“So it makes no sense to talk about a gas that lasts 100 years when we only have 16 years to fix things,” says Mathres, who nonetheless uses the 100-year benchmark when describing his product’s advantages.
If policymakers adjust CO2e to reflect methane’s true impact, or if farmers and consumers simply do so on their own, then products like Mootral and 3-nitrooxypropanol (also called “3NOP”) could become as lucrative as they are beneficial.
How it Works
Both products work by killing or stifling the “bad” bacteria that compete with cows for food by lingering in their guts – as well as those of other four-stomached animals like sheep and goats (all called ruminants).
Not only do the bacteria steal the cow’s food, but they emit the methane that cows burp out throughout the day (contrary to popular belief, about 90 percent of a cow’s methane comes out of its mouth, with only 10 percent coming from the rear ends, not including manure, which is another story).
By eliminating that bacteria, both Mootral and 3NOP appear to increase productivity.
“[Mootral] actually helps the cow digest by killing the bad bacterial,” says Mathres. “When it does that, [the cow] actually has more energy to spend on producing what it needs to produce…so you get premier milk, with more fatty acids and protein.”
That, he says, is a big part of their pitch to farmers in the developed world – but what about poor farmers who can’t afford the feed to begin with?
How to Pay for It?
“Our ideal scenario is that Mootral will just be a really, really nice food supplement that the farmers will be able to purchase [to produce] more meat and more milk,” says Mathres. “But we’re also exploring the use of innovative financing mechanisms to get off the ground – especially in developing countries.”
Among those mechanisms: bilateral trade programs that let wealthy importing countries subsidize the production of carbon-neutral beef in poorer exporting countries, or the use of carbon offsets that people and companies to reduce their own carbon footprints by subsidizing the distribution of Mootral in developing countries.
The most recent Ecosystem Marketplace/Forest Trends “State of Voluntary Carbon Markets” report does track a small amount of offsetting related to livestock methane, but most of the methane transactions are related to “landfill methane“, where companies earn carbon offsets by capturing methane from landfills, which are kind of like giant, man-made cow stomachs. The report tracks 4.6 million tons of CO2e from landfill methane projects in 2016, but that’s not 4.6 million tons of methane. Instead, it’s 4.6 million divided by 25, or 184,000 tons. If the multiplier were 80 instead of 25, that would represent 14.7 million tons – a figure much closer to the scientific reality over the next 20 years. By the same token, a more scientifically-accurate multiplier could unleash more funding for livestock methane in the next few years.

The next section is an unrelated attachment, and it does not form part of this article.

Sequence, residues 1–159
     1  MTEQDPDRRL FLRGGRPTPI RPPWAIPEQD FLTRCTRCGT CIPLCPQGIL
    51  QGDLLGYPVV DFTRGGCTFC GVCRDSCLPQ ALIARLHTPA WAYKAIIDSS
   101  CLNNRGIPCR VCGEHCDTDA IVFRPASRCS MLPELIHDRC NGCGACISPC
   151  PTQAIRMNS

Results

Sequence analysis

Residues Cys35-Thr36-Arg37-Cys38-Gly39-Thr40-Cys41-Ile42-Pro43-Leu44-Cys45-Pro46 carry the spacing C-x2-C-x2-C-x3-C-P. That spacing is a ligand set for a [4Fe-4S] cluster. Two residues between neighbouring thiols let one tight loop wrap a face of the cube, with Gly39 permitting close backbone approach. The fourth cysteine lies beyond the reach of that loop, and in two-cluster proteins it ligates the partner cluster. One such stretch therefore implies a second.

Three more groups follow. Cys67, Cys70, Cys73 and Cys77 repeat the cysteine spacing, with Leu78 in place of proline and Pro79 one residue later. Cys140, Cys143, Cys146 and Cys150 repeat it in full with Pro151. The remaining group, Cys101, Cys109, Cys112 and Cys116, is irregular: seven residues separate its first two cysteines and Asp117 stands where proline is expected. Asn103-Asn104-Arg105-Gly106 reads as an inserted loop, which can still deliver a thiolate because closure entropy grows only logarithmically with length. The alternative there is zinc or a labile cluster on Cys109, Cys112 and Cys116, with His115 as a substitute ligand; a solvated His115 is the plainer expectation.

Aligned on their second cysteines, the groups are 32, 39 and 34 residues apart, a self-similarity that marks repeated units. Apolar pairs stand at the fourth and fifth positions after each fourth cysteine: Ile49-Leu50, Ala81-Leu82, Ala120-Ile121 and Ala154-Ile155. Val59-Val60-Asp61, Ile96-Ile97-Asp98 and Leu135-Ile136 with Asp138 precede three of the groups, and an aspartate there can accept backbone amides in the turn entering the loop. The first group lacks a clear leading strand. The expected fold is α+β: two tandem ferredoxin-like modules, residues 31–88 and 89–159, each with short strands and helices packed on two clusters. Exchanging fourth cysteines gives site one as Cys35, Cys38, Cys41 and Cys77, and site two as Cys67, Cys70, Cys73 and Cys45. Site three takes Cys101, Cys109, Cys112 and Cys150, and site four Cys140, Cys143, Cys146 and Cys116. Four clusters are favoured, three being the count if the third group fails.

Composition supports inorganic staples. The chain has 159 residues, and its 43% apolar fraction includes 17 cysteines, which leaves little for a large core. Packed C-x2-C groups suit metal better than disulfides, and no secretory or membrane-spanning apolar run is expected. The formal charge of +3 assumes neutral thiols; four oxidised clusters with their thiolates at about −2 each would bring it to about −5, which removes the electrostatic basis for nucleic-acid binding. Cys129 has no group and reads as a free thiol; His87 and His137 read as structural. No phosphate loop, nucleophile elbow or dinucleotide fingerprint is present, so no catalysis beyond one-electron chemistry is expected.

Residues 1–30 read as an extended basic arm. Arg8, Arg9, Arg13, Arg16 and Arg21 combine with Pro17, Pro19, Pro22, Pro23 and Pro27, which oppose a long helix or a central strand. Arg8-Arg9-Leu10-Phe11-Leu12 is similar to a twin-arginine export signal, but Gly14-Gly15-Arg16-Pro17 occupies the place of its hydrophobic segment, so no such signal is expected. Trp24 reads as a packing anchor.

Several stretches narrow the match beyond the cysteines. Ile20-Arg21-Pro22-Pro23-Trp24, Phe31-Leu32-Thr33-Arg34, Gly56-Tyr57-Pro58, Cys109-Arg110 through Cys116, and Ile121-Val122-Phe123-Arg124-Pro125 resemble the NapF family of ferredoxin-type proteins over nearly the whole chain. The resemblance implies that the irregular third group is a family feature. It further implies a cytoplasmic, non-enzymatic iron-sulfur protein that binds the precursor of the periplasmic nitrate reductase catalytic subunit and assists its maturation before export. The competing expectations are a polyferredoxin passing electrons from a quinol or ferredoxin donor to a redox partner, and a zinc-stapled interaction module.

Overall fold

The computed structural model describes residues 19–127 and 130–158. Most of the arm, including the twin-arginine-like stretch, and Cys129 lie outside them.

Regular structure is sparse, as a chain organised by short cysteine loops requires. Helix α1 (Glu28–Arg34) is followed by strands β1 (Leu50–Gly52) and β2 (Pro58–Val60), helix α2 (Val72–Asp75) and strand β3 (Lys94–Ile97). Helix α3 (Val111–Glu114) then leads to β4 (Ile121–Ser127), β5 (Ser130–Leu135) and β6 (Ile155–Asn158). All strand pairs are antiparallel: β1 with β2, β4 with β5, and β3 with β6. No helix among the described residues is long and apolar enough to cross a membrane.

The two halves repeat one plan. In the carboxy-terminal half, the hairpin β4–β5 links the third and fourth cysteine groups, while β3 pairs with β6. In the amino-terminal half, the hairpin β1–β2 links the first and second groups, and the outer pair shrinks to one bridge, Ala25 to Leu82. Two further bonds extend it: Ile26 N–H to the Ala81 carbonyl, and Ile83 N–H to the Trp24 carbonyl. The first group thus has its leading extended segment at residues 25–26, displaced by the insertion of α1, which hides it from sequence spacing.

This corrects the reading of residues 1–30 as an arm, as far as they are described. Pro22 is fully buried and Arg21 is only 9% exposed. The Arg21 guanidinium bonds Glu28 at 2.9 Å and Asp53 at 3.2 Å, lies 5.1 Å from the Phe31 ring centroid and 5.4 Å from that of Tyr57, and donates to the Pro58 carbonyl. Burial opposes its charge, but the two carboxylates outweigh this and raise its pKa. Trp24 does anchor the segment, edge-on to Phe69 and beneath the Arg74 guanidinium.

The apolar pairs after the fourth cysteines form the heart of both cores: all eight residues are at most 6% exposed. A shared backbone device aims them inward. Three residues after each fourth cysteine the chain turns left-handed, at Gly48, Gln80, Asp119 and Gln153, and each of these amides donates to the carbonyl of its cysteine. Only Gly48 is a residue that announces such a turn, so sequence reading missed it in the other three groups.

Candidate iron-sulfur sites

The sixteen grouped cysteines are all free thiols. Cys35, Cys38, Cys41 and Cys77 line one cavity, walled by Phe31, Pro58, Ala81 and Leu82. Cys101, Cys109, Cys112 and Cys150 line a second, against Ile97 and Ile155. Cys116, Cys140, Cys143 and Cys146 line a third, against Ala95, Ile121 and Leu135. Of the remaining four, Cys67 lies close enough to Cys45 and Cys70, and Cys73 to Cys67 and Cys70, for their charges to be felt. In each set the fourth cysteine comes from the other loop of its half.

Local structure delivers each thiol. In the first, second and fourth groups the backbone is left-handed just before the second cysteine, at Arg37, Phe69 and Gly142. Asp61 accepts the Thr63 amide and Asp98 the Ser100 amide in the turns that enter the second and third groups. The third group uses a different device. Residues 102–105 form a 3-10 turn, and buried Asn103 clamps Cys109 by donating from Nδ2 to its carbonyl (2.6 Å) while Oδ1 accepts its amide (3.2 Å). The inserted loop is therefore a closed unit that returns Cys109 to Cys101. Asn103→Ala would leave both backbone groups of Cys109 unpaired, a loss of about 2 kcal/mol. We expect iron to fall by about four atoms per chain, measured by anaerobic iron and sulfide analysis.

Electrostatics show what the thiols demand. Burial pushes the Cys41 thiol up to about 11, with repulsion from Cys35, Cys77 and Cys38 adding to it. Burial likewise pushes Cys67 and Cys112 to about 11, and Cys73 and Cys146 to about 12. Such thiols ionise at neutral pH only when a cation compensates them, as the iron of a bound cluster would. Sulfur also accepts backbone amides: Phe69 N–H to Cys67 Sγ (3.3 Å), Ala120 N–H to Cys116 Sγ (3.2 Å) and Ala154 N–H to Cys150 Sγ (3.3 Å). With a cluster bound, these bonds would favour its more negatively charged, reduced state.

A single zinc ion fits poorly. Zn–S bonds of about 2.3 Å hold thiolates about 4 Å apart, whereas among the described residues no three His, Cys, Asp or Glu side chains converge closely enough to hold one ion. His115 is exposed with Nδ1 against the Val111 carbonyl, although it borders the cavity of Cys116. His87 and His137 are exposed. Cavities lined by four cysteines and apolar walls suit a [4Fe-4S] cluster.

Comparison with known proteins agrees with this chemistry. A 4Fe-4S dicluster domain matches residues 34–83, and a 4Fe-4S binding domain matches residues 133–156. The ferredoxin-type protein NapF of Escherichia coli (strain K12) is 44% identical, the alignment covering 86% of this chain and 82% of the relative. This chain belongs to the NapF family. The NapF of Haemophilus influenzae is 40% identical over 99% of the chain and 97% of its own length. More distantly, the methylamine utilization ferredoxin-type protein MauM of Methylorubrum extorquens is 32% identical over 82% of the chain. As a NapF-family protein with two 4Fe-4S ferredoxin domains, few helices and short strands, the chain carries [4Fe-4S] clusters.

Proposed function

The American Carbon Registry is in the process of approving a new methodology for using carbon offsets to pay for feedstocks that reduce emissions, and Mathres is developing a “cowfunding” platform to let consumer buy “cow credits” from individual farms that use Mootral. To generate offsets, however, a farmer would need to prove that the cost of feedstock is above and beyond “business as usual”, and that the benefits of adding the mixture to the feed probably won’t pay for itself. In the past, offsets have played a similar role to government subsidies, essentially supporting new and untested technologies in the early stage, when direct economic payoffs were unclear or unachievable.
“These could be carbon offsets if the economics works that way, or they could be bonus payments to farmers who do the right thing,” he says.
He’s also exploring the creation of “climate-smart beef and milk” standards, which could encourage companies like Marks & Spencer or Whole Foods to fund the product’s use by paying a premium for Mootral-fed cattle products.